Answer this question on paper without looking up the answer:
Q: Which kills more people: guns or diabetes?
Here’s what your brain is doing. It’s searching your memory for mentions of the keywords: “guns,” “diabetes,” and “kill.”
For most of us, one of the variables—guns or diabetes—carries a significantly heavier emotional weighting than the other. A paid-up-for-life member of the NRA might attach powerful positive emotions to “guns.” The parent of a child who died of complications of diabetes will attach high negative emotions to “diabetes.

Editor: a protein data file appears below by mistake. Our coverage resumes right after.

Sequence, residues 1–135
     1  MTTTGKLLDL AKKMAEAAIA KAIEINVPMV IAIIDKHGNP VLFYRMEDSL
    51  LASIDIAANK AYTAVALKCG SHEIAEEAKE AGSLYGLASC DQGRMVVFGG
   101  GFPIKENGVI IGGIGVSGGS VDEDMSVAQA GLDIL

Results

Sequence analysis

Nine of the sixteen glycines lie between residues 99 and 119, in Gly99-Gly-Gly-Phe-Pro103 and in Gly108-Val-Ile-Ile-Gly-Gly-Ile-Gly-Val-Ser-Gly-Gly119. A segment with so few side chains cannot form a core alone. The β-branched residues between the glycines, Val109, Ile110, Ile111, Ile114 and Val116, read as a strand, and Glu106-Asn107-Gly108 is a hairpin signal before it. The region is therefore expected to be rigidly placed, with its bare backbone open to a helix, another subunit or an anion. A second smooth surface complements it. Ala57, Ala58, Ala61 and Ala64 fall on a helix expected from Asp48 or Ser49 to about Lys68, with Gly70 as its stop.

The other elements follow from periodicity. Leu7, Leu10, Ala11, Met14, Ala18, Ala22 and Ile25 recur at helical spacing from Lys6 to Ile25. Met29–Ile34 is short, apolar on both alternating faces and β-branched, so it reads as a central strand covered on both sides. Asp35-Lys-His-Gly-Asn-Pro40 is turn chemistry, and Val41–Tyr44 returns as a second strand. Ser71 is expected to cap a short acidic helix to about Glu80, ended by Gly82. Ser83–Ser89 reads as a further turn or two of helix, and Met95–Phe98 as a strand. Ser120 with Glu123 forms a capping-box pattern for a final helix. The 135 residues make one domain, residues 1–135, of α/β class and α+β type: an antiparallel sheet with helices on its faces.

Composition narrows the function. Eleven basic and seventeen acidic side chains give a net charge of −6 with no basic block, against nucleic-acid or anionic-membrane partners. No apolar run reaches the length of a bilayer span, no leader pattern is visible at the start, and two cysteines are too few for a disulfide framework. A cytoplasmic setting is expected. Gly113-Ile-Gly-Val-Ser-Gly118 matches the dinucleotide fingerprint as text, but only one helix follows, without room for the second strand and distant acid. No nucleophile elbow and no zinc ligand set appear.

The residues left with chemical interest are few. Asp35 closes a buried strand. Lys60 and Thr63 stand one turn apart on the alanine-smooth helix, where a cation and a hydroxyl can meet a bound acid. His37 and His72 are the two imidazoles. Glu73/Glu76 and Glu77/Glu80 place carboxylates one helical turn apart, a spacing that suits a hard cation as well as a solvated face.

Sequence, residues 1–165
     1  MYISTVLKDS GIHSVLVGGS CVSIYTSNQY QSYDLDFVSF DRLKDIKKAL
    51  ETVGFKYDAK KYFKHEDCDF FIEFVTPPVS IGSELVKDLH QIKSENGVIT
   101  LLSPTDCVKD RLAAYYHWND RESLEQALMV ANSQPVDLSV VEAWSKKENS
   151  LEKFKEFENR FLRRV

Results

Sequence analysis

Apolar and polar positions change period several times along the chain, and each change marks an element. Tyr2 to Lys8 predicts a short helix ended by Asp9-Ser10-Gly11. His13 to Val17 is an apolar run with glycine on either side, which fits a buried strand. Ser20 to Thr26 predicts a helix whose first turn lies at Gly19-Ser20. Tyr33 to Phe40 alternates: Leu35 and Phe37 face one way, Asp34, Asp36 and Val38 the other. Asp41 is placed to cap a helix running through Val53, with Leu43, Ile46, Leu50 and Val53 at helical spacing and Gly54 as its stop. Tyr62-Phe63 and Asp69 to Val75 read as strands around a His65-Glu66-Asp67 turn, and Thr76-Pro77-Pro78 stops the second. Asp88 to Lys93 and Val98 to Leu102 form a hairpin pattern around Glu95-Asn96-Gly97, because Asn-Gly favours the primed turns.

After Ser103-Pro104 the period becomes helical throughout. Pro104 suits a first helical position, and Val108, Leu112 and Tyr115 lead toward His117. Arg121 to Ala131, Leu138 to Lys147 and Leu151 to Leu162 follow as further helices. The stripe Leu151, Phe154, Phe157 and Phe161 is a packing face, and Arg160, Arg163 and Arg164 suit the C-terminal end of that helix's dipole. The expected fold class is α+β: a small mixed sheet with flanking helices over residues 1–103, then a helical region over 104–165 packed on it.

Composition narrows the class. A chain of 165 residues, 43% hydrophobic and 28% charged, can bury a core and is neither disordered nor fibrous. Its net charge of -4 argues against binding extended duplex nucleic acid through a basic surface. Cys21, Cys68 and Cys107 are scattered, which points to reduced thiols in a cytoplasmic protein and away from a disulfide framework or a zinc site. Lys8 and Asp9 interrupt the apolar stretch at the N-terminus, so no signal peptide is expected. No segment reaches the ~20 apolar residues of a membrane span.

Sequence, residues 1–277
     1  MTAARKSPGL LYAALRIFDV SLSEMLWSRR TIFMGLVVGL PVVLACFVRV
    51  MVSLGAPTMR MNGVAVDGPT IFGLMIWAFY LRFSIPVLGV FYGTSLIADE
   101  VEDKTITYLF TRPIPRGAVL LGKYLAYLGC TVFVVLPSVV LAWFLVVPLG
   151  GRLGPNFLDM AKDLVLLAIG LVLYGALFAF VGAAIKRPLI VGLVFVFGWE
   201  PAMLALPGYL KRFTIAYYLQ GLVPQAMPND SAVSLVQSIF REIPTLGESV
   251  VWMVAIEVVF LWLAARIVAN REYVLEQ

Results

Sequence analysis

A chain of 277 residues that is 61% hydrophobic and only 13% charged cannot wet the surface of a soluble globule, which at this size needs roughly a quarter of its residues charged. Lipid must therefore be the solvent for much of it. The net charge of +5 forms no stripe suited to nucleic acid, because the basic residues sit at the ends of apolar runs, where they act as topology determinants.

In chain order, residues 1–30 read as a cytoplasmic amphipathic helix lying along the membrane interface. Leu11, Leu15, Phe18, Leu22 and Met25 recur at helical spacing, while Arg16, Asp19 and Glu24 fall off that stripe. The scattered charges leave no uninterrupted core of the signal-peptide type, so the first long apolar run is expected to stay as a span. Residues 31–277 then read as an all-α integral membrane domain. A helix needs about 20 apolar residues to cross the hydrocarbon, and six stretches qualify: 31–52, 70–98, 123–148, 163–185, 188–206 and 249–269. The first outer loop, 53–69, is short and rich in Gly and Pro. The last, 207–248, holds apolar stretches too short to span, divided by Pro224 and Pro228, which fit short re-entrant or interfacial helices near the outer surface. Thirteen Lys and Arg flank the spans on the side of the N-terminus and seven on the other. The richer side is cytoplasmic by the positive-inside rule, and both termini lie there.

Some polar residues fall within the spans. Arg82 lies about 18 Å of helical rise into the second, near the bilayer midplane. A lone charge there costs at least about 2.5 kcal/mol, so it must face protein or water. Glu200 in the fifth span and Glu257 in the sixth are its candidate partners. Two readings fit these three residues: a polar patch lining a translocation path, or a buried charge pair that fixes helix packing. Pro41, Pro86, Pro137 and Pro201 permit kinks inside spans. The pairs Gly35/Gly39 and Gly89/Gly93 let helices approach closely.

Read more →Ask a real partisan—someone with a Ron Paul or Ed Martin sticker on his car–why he supports that candidate. You’ll get a lot of rational reasons.
Then challenge just one of those reasons, and what do you get? More reason?
No, you get raw emotions.
That’s because the emotional mind—the part of the brain designed for survival—exerts far more influence over our thinking that most people are willing to admit.
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